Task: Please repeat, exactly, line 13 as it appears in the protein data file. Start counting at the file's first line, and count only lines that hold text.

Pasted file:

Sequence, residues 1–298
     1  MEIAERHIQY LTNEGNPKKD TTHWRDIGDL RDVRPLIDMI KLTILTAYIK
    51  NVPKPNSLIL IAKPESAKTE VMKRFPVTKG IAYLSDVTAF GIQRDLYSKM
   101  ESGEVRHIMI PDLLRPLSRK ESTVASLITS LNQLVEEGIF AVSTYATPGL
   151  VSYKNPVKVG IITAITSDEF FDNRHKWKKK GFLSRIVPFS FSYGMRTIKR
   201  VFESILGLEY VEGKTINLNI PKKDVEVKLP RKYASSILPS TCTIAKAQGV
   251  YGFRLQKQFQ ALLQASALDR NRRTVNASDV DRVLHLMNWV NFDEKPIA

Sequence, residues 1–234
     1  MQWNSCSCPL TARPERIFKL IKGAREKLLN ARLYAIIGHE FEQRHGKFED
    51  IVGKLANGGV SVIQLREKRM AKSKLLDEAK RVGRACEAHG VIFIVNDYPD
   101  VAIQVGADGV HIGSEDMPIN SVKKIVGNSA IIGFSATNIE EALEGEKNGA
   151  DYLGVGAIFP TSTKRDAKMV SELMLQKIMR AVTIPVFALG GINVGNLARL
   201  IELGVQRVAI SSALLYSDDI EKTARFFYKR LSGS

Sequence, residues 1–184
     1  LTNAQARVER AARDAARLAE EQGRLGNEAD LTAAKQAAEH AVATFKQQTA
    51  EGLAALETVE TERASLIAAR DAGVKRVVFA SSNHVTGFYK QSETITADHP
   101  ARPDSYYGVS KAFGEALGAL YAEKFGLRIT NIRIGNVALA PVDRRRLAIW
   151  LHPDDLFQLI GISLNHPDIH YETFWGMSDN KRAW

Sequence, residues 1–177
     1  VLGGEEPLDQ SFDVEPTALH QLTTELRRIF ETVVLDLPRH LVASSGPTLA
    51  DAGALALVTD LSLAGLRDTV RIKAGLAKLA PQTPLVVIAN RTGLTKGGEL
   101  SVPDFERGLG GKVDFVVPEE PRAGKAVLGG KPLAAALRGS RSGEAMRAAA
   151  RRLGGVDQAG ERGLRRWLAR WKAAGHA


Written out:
   201  IELGVQRVAI SSALLYSDDI EKTARFFYKR LSGS